Bowed bows encircle me
As I travel down Dairy Hollow Road
Transclucent green leaves
Make a large cathedral overhead
Forming arch after arch of perfect tree bridges

I look up to my sky and see
Only slivers of sunlight
Woodland trees and leaf shadows
Spin like stained-glass images

A raven flies solo
High above the hollow
Finding its roost along rock ledges
Clear Spring is mighty clear
No run here

Oh, dear God
You give us our day
Our sacred gifts
A treasured cove of earth and sky
All these wonders to behold

And even in my own meager wanderings
Each road I travel is framed and signed by you!

crooning a tune with the moon

Originally posted on thecourseofourseasons:

moon over basel

She perches on the rail,
kicking her feet out over the water.

Smiling, she says
‘Sing to me a sad song.’

So I croon her a tune of Count Basie’s-
‘Don’t the moon look lonesome,
shining thru the trees.
Don’t the moon look lonesome,
when your baby packs up to leave.’

And in a fit of giggles, she almost lands in the river-
Steadying herself, she whispers
‘Look the buildings are sleeping.’
Standing quietly, arms folded and eyes shut tight,
they lean against each other for support
like old horses in a stable.
‘But the river never sleeps.’
‘No, she doesn’t – she holds each bank in her strong embrace,
and sings her own songs to the sleeping city.’

‘Now, its your turn to sing.’

“Moon river, wider than a mile…’

I perch on the railing, precariously between
and dreaming

‘I’m crossing her in style one day’

I drift…

View original 52 more words

Twilight Will Be Enough

Originally posted on A Thing for Words:

So many live our lives
groping from one darkness
to the next, praying
for the spark of hope
to light our way,
for we are certain
we’ll never see dawn,
never feel even sunset.

Others live in the sun-bright
moment of now.
They follow illumination
from within to find their way
through the dark times
until the Great Light
they enter.

And there are those of us,
like me, who’ve been through
the dark, the light,
and back again. For me,
the twilight will be enough,
as long as I feel the blind warmth
of your hand guiding me.
A super-quick 100-word draft, written in a parking lot this morning, shared with my friend Anthony Desmond, for the latest Poetics prompt at dVerse Poets Pub.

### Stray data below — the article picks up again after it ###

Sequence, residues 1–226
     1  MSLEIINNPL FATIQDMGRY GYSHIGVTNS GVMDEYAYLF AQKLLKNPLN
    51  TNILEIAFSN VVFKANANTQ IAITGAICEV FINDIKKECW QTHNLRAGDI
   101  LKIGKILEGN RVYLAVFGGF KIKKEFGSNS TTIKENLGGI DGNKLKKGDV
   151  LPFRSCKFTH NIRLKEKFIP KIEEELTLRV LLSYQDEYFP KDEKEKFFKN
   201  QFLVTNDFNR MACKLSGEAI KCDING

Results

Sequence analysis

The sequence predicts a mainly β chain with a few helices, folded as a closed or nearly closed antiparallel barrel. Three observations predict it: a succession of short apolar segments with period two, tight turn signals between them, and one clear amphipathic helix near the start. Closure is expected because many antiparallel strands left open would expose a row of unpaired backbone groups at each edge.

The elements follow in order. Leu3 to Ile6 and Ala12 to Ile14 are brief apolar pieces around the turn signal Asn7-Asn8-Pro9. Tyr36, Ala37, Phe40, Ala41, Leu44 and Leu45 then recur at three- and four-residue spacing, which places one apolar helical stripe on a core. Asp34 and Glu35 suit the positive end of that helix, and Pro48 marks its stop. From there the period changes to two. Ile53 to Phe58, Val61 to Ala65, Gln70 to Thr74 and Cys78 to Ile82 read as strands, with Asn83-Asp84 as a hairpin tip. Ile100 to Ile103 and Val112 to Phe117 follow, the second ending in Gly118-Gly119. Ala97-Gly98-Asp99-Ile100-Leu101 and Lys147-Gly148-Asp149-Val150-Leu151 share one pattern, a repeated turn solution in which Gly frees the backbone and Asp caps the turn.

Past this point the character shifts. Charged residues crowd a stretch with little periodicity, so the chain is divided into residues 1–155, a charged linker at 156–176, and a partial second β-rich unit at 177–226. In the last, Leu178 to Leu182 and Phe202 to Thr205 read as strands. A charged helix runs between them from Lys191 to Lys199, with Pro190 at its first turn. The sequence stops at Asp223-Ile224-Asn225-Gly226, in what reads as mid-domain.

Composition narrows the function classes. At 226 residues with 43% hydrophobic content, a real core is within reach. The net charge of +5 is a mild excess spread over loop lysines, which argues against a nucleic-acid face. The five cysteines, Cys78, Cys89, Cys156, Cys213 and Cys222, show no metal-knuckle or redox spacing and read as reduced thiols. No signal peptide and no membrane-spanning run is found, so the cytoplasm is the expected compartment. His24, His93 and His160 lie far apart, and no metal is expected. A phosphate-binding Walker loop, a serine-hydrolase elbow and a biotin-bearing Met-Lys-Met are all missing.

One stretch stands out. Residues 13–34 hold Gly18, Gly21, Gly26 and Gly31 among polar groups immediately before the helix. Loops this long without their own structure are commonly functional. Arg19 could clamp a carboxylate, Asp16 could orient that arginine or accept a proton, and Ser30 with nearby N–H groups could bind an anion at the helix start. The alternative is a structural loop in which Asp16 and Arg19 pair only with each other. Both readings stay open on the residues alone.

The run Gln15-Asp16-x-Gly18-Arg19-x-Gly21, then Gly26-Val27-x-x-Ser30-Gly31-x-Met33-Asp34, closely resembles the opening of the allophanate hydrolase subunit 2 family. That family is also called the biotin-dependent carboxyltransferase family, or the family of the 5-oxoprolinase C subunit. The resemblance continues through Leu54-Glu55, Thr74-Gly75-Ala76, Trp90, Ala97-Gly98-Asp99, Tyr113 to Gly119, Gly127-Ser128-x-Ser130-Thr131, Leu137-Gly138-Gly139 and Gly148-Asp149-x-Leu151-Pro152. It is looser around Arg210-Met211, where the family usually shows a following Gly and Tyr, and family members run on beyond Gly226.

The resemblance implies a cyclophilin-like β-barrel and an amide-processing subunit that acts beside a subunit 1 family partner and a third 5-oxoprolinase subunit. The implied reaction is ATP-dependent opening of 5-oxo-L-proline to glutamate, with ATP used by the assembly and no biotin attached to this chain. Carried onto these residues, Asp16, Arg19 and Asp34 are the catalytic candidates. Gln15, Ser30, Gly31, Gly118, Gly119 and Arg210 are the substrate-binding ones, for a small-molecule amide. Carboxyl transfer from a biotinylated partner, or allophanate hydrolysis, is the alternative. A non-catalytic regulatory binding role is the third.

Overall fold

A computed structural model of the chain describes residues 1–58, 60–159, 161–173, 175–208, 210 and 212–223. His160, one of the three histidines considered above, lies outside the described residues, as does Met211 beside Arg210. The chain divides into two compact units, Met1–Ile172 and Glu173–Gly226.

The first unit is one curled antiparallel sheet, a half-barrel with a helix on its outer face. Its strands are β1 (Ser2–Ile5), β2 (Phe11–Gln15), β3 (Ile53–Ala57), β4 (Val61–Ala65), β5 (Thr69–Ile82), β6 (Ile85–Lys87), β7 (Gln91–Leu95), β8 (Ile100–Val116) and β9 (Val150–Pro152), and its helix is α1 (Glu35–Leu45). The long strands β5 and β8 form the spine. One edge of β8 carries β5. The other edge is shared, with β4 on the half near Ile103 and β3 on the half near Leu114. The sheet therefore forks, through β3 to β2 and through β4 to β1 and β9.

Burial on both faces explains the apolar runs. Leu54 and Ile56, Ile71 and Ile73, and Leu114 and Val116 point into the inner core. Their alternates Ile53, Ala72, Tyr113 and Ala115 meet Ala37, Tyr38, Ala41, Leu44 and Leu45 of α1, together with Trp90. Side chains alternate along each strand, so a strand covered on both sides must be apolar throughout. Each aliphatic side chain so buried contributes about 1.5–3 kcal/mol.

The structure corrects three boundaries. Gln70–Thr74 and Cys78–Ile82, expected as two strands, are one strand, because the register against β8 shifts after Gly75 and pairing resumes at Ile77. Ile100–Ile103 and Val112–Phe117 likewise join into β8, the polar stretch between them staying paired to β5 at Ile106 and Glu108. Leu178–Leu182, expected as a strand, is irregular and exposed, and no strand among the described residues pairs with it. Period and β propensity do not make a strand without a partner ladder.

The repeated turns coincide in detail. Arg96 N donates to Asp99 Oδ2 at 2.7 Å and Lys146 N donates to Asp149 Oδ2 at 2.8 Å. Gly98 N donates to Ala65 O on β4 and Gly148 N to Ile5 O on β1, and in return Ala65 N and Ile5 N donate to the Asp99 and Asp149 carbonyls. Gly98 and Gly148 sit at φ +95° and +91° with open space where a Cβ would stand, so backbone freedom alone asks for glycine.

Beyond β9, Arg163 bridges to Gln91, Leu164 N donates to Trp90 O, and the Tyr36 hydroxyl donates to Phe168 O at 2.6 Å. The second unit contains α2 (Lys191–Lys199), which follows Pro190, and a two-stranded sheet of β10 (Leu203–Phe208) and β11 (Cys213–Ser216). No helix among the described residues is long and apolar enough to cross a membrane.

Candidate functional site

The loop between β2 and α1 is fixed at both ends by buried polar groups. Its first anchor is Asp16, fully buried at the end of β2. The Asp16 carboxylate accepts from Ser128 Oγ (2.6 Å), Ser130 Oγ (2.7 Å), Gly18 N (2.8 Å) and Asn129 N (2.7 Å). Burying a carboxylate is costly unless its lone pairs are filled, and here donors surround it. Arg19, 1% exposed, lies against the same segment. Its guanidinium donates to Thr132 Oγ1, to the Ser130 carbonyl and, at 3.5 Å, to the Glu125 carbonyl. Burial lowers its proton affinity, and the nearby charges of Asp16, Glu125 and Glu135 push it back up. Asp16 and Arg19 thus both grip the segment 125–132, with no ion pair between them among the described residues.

View original

Journal Writing

Journal Writing
Eureka Springs, Writer’s Colony

Saturday Morning, September 6

Making a morning cup of tea
Sitting at my writing desk
It is still dark night
A street lamp light
Moves gold through woodland trees
Casting shadows upon shadows

Outside the Peach Blossom Room
A bottom porch of sorts moves you along stairs or around to the front
A beautiful garden hosting bright orange and purple Zina’ blooms
Standing on a ledge a large pot of basil to grace our meals

A soaking Arkansas rain yesterday
Leaving cool mountain air refreshed and muted damp earth smells
The trees still seem to be sleeping too
I listen for any sound – proof that night is turning into day
I hear nothing at first, no bird song, no wrestling of leaves
Then from far back into the woods
I hear tree frogs, beautiful night sounds
Calling their lonesome songs
As they cradle our heads while we sleep
“Hush, my darling, close your eyes and rest”
We still need time to gently summon life to awake once more!

Sunday morning, September 7

A nightlight suddenly has been turned off
The black smoke screen of night
Gives way to twilight’s raising eyebrow
Painting the sky a light pale blue grey
Bathing the day in a holy shroud

I rise early before the dawn
Holding on to sacred spaces in the midnight hour
Before the awakening hour of day
Dairy Hollow
Fills these deep woods with stories yet untold
It is so very quiet, you can hear yourself say, “hush”!

I walk this vibrant path